BTW - This is not leaking any private information. The Sun people at the JSDT BOF were the ones talking about this (Rich Burridge and Mike Bundschuh (sp?)) out in the open. Also, directly talking with the various Java Media marketing types and engineers running the stands there were talking about it too.

  • by Anonymous Coward
    Better Form:
    (Bruce == REAL_WORK) && (ESR == (MS_HATE | SELF_EGO))

    /* I prefer to use explicit parenthesis rather than trust precedence, but that's just me. */

    BTW -- Has anyone else noticed that Bruce's last name "Perens" is awfully close to "parens" -- the programmer shorthand for "parenthesis"? Some people say your name determines your destiny....

    Of couse, MY real name is "Curly Brackettes" :)
  • Also, the subject appears to confuse the assignment with the equality test

    It could be valid - he's assigning real work to
    Bruce, and testing ESR's motives ^_^

    How come there's an "open source" entry in the
  • What makes slashdot `management' think they should be the sole arbiters of what constitutes a good question?

    Possibility #1: Because they want to use this same process for other entities who might not know how to handle thousands of duplicate and/or 'drecky' responses.

    I bet it simply never occured to them to ask everybody to post their questions to /., allow the moderation scheme to float the cream to the top and then skim the cream.

    Possiblity #2: Muwahahahahaha! /. rulers have gone power hungry and want to control everything. :^)

    I think things will be a bit different the next time around.

  • Check out this []. It's Bruce's Slashdot user's page, and lists 77 posts in the last few weeks alone. Bruce is a heavy poster to Slashdot, he clearly reads a lot of content and posts, and takes the time to reply to them. (BTW, Bruce, thanks for taking that time, it means a lot.)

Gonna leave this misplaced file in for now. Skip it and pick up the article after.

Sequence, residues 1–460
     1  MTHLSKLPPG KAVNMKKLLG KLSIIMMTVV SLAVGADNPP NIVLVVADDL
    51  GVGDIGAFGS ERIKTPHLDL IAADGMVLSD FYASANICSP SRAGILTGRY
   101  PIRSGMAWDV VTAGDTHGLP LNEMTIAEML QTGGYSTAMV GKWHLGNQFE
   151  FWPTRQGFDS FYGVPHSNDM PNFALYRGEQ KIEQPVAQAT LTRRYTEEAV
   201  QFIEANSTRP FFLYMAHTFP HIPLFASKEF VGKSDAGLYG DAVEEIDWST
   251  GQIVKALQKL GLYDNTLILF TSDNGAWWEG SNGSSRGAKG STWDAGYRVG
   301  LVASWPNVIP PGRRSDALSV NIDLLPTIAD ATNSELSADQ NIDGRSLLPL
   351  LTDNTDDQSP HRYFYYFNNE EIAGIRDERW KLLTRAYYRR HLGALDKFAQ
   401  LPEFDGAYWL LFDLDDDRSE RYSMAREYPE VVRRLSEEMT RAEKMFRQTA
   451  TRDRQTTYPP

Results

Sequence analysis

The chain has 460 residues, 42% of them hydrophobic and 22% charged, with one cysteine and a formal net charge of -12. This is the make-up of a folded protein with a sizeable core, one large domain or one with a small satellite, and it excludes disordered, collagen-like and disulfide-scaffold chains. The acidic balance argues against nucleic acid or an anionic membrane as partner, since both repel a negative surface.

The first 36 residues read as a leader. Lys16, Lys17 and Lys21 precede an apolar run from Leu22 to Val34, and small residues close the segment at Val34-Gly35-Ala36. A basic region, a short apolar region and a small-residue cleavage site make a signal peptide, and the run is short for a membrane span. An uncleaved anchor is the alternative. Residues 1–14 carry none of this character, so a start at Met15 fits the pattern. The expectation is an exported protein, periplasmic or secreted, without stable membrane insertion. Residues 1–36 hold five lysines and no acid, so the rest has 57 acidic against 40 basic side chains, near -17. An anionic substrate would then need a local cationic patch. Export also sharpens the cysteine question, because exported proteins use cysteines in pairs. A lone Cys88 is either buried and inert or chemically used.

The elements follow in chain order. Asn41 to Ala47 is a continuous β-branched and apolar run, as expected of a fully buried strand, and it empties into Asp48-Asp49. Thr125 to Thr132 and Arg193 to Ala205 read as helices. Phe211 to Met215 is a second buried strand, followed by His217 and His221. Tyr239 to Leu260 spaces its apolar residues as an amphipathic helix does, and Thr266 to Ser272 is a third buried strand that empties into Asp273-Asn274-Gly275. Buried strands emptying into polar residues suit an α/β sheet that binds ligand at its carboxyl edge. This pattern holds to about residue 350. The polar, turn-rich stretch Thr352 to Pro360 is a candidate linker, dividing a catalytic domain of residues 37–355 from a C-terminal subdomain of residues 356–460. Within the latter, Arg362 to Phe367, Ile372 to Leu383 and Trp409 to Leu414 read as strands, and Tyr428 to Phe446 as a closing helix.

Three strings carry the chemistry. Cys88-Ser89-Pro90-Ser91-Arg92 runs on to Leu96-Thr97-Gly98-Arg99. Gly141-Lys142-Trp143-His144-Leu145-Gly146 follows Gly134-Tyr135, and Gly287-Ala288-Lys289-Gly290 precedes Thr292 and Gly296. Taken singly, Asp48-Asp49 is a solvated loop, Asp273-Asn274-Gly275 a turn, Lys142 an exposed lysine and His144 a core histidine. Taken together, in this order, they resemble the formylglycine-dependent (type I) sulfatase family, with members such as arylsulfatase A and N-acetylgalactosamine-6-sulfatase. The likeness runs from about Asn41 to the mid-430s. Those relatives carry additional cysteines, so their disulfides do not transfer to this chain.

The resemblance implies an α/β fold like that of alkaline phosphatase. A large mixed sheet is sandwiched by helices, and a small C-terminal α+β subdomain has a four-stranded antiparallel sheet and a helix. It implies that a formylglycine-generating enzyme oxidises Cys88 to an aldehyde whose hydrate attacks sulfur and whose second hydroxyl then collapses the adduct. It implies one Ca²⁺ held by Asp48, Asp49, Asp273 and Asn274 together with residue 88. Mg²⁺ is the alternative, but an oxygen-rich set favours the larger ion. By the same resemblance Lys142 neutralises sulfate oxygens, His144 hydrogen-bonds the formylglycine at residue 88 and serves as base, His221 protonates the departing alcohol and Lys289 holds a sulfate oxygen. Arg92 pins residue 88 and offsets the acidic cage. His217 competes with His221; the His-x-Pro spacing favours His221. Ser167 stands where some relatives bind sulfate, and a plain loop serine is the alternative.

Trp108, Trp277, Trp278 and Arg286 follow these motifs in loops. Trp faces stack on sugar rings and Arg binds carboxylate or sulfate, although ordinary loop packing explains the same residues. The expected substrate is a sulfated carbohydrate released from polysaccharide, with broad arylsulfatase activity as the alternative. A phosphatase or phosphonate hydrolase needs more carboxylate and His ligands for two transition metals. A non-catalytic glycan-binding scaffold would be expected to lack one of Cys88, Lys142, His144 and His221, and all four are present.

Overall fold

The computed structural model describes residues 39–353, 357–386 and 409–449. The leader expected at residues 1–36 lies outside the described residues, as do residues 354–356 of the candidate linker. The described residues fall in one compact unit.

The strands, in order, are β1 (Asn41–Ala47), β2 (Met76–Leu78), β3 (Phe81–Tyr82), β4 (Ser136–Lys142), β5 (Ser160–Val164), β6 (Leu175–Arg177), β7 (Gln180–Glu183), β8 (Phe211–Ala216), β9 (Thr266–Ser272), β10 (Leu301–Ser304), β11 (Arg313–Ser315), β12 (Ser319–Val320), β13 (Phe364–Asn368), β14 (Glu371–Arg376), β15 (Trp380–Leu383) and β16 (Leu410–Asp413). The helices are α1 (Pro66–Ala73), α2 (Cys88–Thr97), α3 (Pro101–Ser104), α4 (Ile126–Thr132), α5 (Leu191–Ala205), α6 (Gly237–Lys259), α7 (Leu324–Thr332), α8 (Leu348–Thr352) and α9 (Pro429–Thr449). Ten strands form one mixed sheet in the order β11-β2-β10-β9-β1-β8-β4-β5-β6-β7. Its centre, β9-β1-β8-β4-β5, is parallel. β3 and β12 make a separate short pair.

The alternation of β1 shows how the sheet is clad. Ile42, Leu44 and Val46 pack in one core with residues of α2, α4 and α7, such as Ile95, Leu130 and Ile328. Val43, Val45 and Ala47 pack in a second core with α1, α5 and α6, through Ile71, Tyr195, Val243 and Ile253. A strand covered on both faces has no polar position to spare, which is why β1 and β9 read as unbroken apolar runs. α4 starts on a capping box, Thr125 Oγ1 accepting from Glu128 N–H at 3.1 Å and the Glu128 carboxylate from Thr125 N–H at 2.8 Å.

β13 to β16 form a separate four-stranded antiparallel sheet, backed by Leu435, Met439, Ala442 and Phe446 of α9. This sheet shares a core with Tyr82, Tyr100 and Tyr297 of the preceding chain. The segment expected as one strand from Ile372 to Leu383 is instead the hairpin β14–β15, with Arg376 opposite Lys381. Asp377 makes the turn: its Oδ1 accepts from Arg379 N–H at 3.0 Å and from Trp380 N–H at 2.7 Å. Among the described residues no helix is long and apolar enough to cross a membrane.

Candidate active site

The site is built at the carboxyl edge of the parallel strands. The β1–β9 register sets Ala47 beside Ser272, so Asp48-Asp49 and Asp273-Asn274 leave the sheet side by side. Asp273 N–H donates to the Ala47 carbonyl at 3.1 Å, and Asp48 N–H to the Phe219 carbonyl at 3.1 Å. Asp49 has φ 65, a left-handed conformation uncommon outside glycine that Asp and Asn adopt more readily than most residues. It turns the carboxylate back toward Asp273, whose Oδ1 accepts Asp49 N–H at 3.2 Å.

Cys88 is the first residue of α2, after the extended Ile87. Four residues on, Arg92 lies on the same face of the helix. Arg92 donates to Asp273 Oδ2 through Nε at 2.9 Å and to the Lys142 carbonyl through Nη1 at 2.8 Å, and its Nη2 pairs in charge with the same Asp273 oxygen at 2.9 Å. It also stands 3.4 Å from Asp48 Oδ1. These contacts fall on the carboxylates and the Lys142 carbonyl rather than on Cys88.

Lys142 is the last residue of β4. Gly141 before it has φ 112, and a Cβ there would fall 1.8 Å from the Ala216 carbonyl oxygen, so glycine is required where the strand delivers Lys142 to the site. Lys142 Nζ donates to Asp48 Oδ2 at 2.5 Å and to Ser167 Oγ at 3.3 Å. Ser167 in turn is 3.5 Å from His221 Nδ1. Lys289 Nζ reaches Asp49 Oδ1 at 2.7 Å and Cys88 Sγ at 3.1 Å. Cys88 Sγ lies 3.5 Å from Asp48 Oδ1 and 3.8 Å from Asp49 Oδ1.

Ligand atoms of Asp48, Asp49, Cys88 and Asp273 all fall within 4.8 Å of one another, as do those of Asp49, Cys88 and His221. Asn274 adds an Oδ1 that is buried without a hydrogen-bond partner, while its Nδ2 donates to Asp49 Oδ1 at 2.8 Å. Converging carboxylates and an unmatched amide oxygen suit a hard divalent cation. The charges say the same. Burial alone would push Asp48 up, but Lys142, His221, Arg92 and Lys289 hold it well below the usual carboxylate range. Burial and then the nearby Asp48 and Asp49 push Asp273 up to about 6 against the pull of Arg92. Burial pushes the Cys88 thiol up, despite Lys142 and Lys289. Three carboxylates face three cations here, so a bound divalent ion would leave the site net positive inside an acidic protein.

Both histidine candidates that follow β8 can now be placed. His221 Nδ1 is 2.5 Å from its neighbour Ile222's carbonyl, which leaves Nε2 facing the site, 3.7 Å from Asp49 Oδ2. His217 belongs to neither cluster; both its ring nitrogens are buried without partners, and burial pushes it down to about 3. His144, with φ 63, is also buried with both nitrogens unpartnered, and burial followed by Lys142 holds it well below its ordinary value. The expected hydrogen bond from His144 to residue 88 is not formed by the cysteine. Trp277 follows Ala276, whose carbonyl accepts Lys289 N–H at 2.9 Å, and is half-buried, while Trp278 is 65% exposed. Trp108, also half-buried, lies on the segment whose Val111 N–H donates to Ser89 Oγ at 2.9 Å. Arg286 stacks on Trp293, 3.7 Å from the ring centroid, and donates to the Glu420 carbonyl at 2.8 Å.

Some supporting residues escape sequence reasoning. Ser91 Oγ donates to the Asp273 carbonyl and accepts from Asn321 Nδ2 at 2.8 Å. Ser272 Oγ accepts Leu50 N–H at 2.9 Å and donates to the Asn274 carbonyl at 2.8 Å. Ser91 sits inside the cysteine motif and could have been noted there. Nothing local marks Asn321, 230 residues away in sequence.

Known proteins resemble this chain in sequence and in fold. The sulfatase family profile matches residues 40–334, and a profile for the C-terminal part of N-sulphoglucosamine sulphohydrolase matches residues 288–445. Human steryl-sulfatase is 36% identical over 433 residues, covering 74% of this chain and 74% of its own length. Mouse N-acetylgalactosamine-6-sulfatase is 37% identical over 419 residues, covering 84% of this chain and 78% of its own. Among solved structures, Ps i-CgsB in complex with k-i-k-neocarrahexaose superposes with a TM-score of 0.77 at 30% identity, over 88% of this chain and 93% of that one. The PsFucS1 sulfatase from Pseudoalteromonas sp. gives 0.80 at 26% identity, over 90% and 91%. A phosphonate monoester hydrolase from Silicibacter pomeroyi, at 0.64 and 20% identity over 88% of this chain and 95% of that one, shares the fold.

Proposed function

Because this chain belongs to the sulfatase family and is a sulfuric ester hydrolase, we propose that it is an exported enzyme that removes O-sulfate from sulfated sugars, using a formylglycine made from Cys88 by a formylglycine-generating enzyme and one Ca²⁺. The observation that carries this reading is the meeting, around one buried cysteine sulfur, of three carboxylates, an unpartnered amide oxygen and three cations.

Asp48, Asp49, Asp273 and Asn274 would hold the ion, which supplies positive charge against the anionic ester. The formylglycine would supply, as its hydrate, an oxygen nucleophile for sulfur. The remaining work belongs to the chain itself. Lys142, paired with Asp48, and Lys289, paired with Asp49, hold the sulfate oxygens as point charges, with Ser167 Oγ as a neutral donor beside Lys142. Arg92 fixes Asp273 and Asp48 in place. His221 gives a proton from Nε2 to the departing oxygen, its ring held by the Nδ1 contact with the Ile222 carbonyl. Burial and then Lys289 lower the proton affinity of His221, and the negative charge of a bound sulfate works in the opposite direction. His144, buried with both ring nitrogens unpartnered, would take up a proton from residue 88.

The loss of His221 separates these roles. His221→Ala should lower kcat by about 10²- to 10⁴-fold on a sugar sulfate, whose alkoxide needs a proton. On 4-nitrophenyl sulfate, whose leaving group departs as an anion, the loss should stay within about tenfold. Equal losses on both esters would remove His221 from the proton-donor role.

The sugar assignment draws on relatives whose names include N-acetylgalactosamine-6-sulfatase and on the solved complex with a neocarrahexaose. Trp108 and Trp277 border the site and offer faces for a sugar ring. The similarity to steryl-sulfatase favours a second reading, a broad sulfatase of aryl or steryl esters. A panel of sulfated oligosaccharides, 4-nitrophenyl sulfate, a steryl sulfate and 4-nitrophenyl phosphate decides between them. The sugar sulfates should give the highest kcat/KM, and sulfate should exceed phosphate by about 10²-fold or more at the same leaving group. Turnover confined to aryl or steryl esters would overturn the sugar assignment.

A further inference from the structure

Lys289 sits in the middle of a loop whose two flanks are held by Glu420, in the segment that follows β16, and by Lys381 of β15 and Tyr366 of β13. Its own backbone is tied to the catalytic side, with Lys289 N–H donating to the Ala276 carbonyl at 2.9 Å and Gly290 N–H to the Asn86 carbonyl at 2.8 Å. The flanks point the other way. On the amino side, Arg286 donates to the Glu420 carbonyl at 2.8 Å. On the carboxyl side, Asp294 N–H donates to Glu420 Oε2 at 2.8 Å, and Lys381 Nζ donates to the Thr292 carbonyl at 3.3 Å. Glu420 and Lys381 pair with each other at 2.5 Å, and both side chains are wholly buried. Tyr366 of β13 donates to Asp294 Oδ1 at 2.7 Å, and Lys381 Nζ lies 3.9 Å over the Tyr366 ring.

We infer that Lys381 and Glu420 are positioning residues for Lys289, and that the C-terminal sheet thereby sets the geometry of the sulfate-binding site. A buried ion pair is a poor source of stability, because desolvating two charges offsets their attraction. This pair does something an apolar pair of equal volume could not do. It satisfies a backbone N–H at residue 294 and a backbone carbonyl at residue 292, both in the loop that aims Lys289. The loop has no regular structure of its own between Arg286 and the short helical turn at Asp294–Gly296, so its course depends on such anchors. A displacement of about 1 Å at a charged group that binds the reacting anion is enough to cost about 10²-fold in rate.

I'm sure that Bruce will follow this thread, and the thread on the followup article. Ask you questions there, and if Bruce thinks they're worth answering, I suspect he will. You can't get much more open than that.

    Slashdot is actually just providing a filtering service. No everyone cares enough about any given issue to read the comments, but Rob tries to filter out the most interesting bits to the articles proper. I don't really care enough about say, The Who, the see what people have to say about it, but it's kinda neat to know about Lighthouse. On the other hand, I'm real interested in what Bruce Perens has to say (at the least he is an interesting writer), so I follow threads on such things.

    Anyway, in summary Rob/Slashdot filters questions. This is to allow those who are cursorily interested to get a quick glimpse of the action. Those of us who really care will read and post to the thread, which I expect will be chock full of Bruce replies.

  • I did some site tuning, and got the system below the thrash point. It seems to be working quite well now. Bring on the load, slashdot!



  • nor always a good thing. On the whole, I think the world is made a better place by Dan Bernstein's existance. Yes, the man has his warts, but he also has his gems too.
  • Perhaps you've simply noticed that Eric doesn't brag about what he's done? Don't you respect his humility?